When comparing Cocos2d-x and Cocos Creator vs Gosu, the Slant community recommends Cocos2d-x and Cocos Creator for most people. In the question“What are the best 2D game engines?” Cocos2d-x and Cocos Creator is ranked 6th while Gosu is ranked 46th. The most important reason people chose Cocos2d-x and Cocos Creator is:
25% of iPhone games are made using Cocos2d-x. This means you will not be alone in development, and will have access to a large community. You'll know you are developing for an engine that works.
Ranked in these QuestionsQuestion Ranking
Pro A proven engine for mobile development
25% of iPhone games are made using Cocos2d-x.
This means you will not be alone in development, and will have access to a large community. You'll know you are developing for an engine that works.
Pro Supports 3D models with skeleton animation
A new feature since Cocos2d-x v3.1 is support for 3D models (in your 2D game), not only this but support for skeleton animations is included too! This awesome feature allows for impressive characters in your game along with easier, more fluid and realistic animations.
Pro Great script language support
Especially with Cocos2d-JS you can develop games cross web and native, and the native solution have great performance with JS Bindings, much better than hybrid solution.
Pro Highly active community for questions and support
Cocos2d-x forums are active.
Pro OpenGL hardware acceleration
Cocos2d-x is not only open source but also supported by Chukong Technologies of China and USA.
Regularly updated and adding support for the latest technologies. 2014 has already seen the release of Version 3, a new Cocos Studio development toolkit (optional) and support for new technologies like skeleton animation systems Spine and Adobe DragonBone.
Pro Greater performance than high level APIs
Cocos2d-x is C++ based engine and it has CPU advantages for most platforms because of that. It uses polygonal mesh methods for sprite rendering for using GPU advantages. (You also use quad methods for benefit CPU).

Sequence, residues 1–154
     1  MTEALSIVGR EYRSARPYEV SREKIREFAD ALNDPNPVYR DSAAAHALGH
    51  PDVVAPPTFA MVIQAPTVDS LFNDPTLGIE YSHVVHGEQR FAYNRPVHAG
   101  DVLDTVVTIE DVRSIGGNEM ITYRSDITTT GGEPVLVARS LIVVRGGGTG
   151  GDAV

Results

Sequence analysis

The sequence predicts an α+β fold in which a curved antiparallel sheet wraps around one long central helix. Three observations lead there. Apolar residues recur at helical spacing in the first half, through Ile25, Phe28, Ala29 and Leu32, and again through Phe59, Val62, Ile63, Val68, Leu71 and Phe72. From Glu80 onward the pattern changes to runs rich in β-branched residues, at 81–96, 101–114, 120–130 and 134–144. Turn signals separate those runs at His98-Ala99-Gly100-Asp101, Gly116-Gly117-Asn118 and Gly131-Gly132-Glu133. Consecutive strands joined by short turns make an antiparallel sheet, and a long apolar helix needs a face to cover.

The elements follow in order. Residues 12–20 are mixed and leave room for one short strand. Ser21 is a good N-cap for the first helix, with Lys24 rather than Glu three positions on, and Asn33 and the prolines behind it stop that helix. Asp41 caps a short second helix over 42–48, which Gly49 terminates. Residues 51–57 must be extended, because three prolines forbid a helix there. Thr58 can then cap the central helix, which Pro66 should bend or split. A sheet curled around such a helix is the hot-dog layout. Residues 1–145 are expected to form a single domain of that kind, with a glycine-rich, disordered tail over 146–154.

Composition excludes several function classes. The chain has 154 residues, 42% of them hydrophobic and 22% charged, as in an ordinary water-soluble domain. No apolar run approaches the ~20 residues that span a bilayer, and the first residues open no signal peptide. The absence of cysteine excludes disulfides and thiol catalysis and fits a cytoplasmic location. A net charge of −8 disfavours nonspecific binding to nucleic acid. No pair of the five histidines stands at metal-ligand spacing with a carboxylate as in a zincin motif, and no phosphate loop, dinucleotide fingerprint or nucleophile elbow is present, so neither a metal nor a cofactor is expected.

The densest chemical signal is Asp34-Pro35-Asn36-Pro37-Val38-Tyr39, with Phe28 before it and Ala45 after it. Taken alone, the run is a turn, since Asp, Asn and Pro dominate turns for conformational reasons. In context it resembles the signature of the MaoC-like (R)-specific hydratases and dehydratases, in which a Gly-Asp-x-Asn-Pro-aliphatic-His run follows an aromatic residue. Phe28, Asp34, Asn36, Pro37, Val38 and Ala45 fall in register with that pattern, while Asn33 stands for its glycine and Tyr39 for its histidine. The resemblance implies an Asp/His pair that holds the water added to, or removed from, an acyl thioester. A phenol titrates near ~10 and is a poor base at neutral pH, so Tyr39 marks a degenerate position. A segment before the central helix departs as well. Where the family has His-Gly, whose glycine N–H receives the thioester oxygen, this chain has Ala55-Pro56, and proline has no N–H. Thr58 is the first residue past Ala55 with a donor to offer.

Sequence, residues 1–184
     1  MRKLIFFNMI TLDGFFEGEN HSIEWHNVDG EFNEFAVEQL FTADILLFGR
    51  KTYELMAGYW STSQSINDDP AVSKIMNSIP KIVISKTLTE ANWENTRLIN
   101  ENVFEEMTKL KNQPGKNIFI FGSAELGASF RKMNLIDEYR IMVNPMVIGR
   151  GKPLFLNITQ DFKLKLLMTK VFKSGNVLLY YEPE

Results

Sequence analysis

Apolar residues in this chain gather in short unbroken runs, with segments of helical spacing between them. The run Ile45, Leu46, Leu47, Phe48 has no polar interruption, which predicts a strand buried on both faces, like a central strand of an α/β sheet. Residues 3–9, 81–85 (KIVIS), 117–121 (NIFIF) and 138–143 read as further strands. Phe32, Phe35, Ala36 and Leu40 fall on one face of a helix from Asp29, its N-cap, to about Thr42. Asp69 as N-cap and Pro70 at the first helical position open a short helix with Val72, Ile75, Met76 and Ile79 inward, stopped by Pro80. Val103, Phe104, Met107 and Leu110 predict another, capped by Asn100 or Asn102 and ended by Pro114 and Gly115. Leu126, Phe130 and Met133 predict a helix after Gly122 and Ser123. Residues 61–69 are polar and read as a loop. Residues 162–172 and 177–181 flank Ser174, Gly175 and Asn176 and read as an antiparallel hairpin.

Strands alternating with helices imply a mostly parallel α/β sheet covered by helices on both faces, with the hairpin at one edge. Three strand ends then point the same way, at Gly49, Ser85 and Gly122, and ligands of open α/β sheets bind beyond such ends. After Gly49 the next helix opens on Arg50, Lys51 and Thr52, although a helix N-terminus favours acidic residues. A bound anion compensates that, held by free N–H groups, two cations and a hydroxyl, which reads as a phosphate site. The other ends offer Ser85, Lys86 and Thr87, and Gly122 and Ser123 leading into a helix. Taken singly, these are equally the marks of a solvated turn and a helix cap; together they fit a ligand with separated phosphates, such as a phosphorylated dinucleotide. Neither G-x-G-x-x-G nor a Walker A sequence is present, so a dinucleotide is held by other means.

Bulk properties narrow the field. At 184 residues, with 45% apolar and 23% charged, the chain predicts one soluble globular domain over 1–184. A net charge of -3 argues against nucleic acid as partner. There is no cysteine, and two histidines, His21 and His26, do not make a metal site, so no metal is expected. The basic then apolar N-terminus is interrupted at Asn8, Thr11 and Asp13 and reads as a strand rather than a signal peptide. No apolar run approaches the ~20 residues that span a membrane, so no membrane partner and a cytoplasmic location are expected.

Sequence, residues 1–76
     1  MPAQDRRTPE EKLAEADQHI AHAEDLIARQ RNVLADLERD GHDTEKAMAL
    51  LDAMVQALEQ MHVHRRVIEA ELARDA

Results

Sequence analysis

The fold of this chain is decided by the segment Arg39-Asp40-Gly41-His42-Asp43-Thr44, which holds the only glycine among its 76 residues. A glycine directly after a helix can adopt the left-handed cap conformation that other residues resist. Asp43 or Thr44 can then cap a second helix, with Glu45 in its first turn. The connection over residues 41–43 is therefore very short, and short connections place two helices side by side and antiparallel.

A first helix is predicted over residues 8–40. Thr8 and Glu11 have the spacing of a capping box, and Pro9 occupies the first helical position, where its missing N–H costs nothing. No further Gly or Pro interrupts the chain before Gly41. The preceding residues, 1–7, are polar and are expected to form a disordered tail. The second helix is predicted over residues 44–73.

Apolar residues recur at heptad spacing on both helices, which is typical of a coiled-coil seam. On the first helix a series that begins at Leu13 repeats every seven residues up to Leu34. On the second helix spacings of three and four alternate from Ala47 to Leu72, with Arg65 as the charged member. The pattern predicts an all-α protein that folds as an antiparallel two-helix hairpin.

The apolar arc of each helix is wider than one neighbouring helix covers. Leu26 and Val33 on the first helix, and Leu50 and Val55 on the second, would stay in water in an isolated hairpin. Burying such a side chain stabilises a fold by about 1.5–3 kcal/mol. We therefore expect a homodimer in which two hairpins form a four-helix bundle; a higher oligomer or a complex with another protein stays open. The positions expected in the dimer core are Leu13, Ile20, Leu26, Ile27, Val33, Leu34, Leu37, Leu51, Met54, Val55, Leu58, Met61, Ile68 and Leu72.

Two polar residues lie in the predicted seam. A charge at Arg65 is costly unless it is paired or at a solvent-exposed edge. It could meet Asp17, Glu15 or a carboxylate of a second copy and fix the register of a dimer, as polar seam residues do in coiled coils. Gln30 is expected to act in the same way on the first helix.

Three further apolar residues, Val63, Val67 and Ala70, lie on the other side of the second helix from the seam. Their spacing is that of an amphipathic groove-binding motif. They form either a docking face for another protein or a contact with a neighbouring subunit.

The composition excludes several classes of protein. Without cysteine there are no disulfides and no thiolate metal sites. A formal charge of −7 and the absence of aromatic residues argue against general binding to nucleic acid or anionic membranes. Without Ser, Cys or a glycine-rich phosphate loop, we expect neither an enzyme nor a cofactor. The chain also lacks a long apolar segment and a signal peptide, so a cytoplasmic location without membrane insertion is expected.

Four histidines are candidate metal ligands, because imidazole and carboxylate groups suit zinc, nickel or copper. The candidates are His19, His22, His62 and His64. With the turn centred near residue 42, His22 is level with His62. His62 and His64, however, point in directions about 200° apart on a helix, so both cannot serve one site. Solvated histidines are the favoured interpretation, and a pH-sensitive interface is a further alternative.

Pro No external dependencies
Because it is based on Pyglet.
Pro One code for all platforms
On top of supporting pretty much all existing platforms (except consoles), Cocos Creator (Cocos's IDE) allows you to write 1 code that runs on Android, iOS, Windows, MacOS and HTML5 (not Linux though).
Pro Easy integration of 3rd party plugins
For example, if you want to add a rating plugin, you use
sdkbox::PluginReview::init(); and if you want to add the Vundle Ad Network SDK, you use the one packaged in SDKBox
Pro Allows for easy debugging
It has a built-in Python interpreter that allows for easy debugging.
Pro Very good IDE
Cocos Creator (Cocos' IDE) comes with scene editing, UI editor, animations & particle editors and whatnot. It's also easy to use and pretty intuitive if you read the official documentation & tutorials. Way way better than the old CocoStudio.
Pro Great video tutorials
Hundreds of video tutorials available.
Gosu is not a game development framework, only a media library that happens to be suited to game development. (Kind of like SDL in the C world.) That means the interface is relatively small.
Pro Mature API, actively maintained and developed
Gosu has been under development since 2001. It is mature and has several toolkits built on top of it to provide additional functionality.
Pro Cross-platform, even mobile, using Ruby
Con Poor support and non-existent community
Up until 2013, this was one of the best engines around. However, since then it was bought by a Chinese company and began stagnating - it's virtually in a slow death. Most developers abandoned Cocos in favor of more modern solutions leaving the community weak and the forums with little or no traffic. Although the Cocos2d-x Forum seems to have a decent community going.
Con No Graphics user interface
Con Modest functionality
Almost all free alternatives are more convenient, faster, and more functional.
Con Deploying Ruby apps is a mess
Games built with the Ruby to .exe "compiler" do nothing more than extract your source code and Ruby.exe to %TEMP%, then run it. The code is not really compiled at all. The process for wrapping games as Mac apps is a bit nicer, but you'll need a paid Apple Developer subscription to code sign the app, or users will see a warning/error when running your game.
The only way to really compile Ruby is to use RubyMotion, which does not work on Windows and requires a paid subscription on top of the Apple Developer one.
(This Con is not specific to Gosu. Deploying Ruby code has never been fun.)